NEW YORK (Reuters) - Americans were more optimistic about potential improvements in the job market in January, pushing consumer confidence to its highest level in nearly a year, a survey released on Friday showed.
The Thomson Reuters/University of Michigan’s final reading on the overall index on consumer sentiment rose to 75.0 from 69.9 the month before. It was the highest level since February 2011.
That was better than the preliminary January reading of 74.0 and topped the median forecast of 74.1 among economists polled by Reuters.
“The recent gains in confidence are now critically dependent on continued gains in employment,” survey director Richard Curtin said in a statement.
“As long as modest employment gains are forthcoming, the data suggest real consumer spending will post a gain of 2.1 percent in 2012.”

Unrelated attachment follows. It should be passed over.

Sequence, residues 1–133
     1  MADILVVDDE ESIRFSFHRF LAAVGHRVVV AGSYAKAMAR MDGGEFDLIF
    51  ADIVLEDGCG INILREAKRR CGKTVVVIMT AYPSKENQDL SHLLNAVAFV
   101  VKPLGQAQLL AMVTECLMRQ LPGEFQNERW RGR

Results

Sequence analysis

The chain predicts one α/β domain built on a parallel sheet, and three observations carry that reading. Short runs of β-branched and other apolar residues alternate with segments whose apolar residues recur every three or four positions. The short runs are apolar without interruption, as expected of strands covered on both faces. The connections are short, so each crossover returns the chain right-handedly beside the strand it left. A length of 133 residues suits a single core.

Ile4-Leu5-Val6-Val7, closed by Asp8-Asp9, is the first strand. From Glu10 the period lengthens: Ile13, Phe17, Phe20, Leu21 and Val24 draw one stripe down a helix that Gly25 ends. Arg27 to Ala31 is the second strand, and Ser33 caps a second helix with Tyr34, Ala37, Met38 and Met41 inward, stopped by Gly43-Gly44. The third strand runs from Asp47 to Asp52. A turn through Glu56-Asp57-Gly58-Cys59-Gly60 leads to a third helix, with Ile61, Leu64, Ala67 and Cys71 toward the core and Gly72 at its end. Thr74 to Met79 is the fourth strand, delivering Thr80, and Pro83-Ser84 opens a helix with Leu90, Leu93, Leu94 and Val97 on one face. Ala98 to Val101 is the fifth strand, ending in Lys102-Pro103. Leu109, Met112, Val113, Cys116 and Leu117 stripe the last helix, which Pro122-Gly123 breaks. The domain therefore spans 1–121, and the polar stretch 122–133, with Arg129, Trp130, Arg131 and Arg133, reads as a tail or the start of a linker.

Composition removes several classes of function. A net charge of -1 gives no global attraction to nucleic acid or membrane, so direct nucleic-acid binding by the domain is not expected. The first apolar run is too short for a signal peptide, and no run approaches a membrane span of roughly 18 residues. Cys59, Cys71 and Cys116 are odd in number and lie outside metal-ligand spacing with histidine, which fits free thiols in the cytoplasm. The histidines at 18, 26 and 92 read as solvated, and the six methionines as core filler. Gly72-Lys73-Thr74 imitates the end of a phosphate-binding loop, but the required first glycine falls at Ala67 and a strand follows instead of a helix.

The survey’s barometer of current economic conditions gained to 84.2 from 79.6, while the gauge of consumer expectations climbed to its highest level since May 2011 at 69.1 from 63.6.
A record 31 percent of consumers spontaneously reported hearing about recent employment gains this month. However, respondents were not as optimistic about the unemployment rate, with half expecting it to remain unchanged.
Americans also remained gloomy on their own financial situation, and most were skeptical about the prospective strength of the economy. Confidence in government policies was also stuck near an all-time low.
The survey’s one-year inflation expectation rose to 3.3 percent from 3.1 percent, while the survey’s five-to-10-year inflation outlook held steady at 2.7 percent.
Reporting By Leah Schnurr; Editing by Chizu Nomiyama